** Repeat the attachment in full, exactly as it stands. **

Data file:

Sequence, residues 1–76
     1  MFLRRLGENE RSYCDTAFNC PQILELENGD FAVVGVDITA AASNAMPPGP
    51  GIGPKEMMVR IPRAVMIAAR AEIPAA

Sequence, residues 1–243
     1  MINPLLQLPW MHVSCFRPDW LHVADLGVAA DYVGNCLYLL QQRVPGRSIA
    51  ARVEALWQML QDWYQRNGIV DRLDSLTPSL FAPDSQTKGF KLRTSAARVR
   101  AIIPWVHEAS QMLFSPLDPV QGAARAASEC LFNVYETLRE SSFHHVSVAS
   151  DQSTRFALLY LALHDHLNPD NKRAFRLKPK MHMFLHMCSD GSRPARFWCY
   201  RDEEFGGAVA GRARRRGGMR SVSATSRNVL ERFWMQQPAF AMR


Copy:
Sequence, residues 1–76
     1  MFLRRLGENE RSYCDTAFNC PQILELENGD FAVVGVDITA AASNAMPPGP
    51  GIGPKEMMVR IPRAVMIAAR AEIPAA

Sequence, residues 1–243
     1  MINPLLQLPW MHVSCFRPDW LHVADLGVAA DYVGNCLYLL QQRVPGRSIA
    51  ARVEALWQML QDWYQRNGIV DRLDSLTPSL FAPDSQTKGF KLRTSAARVR
   101  AIIPWVHEAS QMLFSPLDPV QGAARAASEC LFNVYETLRE SSFHHVSVAS
   151  DQSTRFALLY LALHDHLNPD NKRAFRLKPK MHMFLHMCSD GSRPARFWCY
   201  RDEEFGGAVA GRARRRGGMR SVSATSRNVL ERFWMQQPAF AMR